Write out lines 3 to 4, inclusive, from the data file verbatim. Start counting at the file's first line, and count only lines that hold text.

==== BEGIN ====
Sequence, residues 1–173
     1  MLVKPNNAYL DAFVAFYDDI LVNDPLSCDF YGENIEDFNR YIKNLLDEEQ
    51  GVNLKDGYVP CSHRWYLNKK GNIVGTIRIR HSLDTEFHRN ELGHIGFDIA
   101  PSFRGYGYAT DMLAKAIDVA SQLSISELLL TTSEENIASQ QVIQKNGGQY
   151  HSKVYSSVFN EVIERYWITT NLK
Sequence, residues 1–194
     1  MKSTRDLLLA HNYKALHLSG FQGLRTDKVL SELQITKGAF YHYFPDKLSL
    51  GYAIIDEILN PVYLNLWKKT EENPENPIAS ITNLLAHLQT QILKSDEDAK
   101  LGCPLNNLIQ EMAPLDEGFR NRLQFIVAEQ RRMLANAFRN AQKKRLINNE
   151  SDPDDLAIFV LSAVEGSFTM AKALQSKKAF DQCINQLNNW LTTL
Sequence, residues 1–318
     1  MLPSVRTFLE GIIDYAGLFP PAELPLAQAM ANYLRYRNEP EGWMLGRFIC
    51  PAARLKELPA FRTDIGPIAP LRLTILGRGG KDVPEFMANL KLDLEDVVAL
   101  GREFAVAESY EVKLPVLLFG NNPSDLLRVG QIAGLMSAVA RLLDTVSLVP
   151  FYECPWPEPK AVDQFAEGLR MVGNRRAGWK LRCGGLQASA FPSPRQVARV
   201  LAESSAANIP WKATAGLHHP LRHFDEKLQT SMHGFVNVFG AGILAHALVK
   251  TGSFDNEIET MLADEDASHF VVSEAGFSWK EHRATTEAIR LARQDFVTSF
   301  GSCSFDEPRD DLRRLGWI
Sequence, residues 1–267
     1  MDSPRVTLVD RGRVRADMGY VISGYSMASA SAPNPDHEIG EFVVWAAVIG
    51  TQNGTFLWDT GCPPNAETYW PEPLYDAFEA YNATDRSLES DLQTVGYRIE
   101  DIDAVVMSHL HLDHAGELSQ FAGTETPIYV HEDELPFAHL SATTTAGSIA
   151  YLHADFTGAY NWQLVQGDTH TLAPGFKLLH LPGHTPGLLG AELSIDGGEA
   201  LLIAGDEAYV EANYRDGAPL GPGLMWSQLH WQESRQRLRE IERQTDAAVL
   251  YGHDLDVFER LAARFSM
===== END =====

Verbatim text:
    51  GVNLKDGYVP CSHRWYLNKK GNIVGTIRIR HSLDTEFHRN ELGHIGFDIA
   101  PSFRGYGYAT DMLAKAIDVA SQLSISELLL TTSEENIASQ QVIQKNGGQY